# Transducing German Cardinal Numbers

This is a little excercise in writing finite-state transducers. The goal is to convert spelled-out German cardinal numbers from 1 to 9999 to numerals and vice versa. I will construct the transducer by going from written-out numbers to numerals, e.g., from *zweiunddreißig* to *32*. The implementation is done with the finite-state toolkit *foma*.

## Intermediate representation

In a first step, we convert each written-out number into an intermediate representation by transducing compound parts to numerals in linear order, for example, *neuntausend-zweihundert-acht-und-vierzig* (hyphens added for better readability) should become `9000+200+8&40`

. Let's start with two-digit numbers.

```
TwoToNine = zwei:2 | drei:3 | vier:4 | fünf:5 |
sechs:6 | sieben:7 | acht:8 | neun:9 ;
Teens = zehn: [1 %0] | elf: [1 1] |
zwölf: [1 2] | dreizehn: [1 3] |
vierzehn: [1 4] | fünfzehn: [1 5] |
sechzehn: [1 6] | siebzehn: [1 7] |
achtzehn: [1 8] | neunzehn: [1 9] ;
TwentyToNinety = zwanzig:[2 %0] | dreißig:[3 %0] |
vierzig:[4 %0] | fünfzig:[5 %0] |
sechzig:[6 %0] | siebzig:[7 %0] |
achtzig:[8 %0] | neunzig:[9 %0] ;
TwoDigitNumber = eins:1 | TwoToNine | Teens | TwentyToNinety |
[ein:1 | TwoToNine] und:%& TwentyToNinety;
```

The digit *1* is special, since it sometimes appears as *ein* and sometimes *eins*, that's why it's not part of the first transducer. Some `Teens`

could be decomposed further, but this would only complicate things. Because *0* has special semantics in *foma* regex, we need to make sure to escape *0* literals with the percentage symbol. The ampersand that replaces *und* indicates that the numbers around it need to be swapped later.

For larger numbers, we need hundreds and thousands, so we define two more transducers.

```
Hundred = [ein:1 | TwoToNine] hundert:[%0 %0 %+];
Thousand = [ein:1 | TwoToNine] tausend:[%0 %0 %0 %+];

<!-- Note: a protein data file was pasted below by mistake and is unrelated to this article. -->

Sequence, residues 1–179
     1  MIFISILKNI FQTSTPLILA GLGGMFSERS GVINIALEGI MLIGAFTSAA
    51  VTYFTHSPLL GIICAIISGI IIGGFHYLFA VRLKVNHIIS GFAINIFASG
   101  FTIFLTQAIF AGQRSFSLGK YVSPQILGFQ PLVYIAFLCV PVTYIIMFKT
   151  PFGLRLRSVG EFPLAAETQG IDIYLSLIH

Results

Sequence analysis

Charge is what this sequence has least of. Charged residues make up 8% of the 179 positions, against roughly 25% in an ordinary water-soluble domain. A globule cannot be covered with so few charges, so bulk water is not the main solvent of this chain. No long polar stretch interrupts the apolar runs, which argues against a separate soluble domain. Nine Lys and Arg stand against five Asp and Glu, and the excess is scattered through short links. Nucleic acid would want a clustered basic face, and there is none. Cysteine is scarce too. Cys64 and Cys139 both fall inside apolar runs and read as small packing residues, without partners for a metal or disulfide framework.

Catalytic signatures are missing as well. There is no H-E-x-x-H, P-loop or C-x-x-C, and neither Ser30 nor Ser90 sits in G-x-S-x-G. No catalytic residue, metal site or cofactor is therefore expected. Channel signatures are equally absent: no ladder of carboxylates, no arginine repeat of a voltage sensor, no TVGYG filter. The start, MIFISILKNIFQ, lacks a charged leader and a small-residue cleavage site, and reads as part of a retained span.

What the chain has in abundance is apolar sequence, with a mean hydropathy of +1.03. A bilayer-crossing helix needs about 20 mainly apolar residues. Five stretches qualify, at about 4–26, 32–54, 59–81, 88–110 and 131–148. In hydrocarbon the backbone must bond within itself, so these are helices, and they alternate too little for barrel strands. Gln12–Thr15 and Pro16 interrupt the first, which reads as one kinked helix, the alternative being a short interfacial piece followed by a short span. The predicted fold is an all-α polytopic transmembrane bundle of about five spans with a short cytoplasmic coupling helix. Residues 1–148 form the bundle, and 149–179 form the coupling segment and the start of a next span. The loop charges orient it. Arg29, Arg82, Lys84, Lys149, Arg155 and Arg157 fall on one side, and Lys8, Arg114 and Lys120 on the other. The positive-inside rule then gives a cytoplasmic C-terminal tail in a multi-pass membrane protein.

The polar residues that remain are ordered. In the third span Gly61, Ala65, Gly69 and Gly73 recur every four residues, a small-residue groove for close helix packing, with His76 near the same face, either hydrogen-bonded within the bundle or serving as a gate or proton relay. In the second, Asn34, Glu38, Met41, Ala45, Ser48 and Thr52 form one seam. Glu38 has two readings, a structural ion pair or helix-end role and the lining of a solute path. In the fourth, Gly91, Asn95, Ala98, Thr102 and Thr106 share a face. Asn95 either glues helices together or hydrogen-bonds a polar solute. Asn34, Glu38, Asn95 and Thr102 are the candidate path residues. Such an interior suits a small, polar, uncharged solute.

```

Now we can put everything together. For the sake of simplicity, we ignore some variants: we recognize *einhundert* and *eintausend*, but not *hundert* and *tausend*; we recognize *einhundertfünf*, but not *einhundertundfünf*. These variants can be added easily, but the expressions become a bit messier.

```
Intermediate = (Thousand) (Hundred) (TwoDigitNumber);
```

If we check the `lower-words`

^{1} of this transducer, we see the following:

```
foma[1]: lower-words
1000+
1000+100+
1000+100+1&20
...
```

Now we need to transform these intermediate forms into the desired output.

## Cascaded transducers

We'll move from right to left. In the end there may be a trailing plus (introduced by `Hundred`

or `Thousand`

). We don't need it, so we add a cleanup rule.

```
CleanPlus = %+ -> 0 || _ .#.;
```

Then we remove any trailing zero after an ampersand and swap the digits around the ampersand.

```
Trunc = %0 -> 0 || %& ? _ .#.;
def Ins(X) [..] -> X || X %& ? _ .#.;
Copy = Ins(1) .o. Ins(2) .o. Ins(3) .o.
Ins(4) .o. Ins(5) .o. Ins(6) .o.
Ins(7) .o. Ins(8) .o. Ins(9) ;
Delete = ? %& -> 0 ;
Swap = Trunc .o. Copy .o. Delete;
```

Maybe there is some more elegant syntax to do this, but I define a helper template that inserts a digit in the context of itself, the ampersand and some other digit. By applying this template for each non-zero digit, we copy the digit before the ampersand to the end of the string. Finally we delete the original digit and the ampersand, completing the swap.

Now we can move further to the left and add our two digit number to the hundreds.

```
N = [%0|1|2|3|4|5|6|7|8|9];
FixHundred = %0 %+ -> 0 || %0 _ N .#. ,,
%0 %0 %+ -> 0 || _ N N .#. ;
```

We simply delete as many zeros as there are digits after the plus symbol. The same is repeated with the thousands to the left.

```
FixThousand = %0 %+ -> 0 || %0 %0 _ N .#. ,,
%0 %0 %+ -> 0 || %0 _ N N .#. ,,
%0 %0 %0 %+ -> 0 || _ N N N .#. ;
```

We compose the pieces to obtain our transducer for cardinal numbers.

```
Card = Intermediate .o. CleanPlus .o. Swap .o.
FixHundred .o. FixThousand;
```

## Result

The final transducer has 10,000 paths: 9,999 numbers and the empty string. FSTs are closed under inversion (input and output labels are simply switched), so we can apply our cardinal number FST in both directions, as generator and parser.

```
foma[0]: regex Card;
4.8 kB. 37 states, 212 arcs, 10000 paths.
foma[1]: up
apply up> 2345
zweitausenddreihundertfünfundvierzig
foma[1]: down
apply down> fünftausenddreiundzwanzig
5023
```

^{1} Words of the *lower* or *second* projection of `Intermediate`

, that is, words *o* for which an input *i* exists such that `Intermediate`

maps *i* to *o*.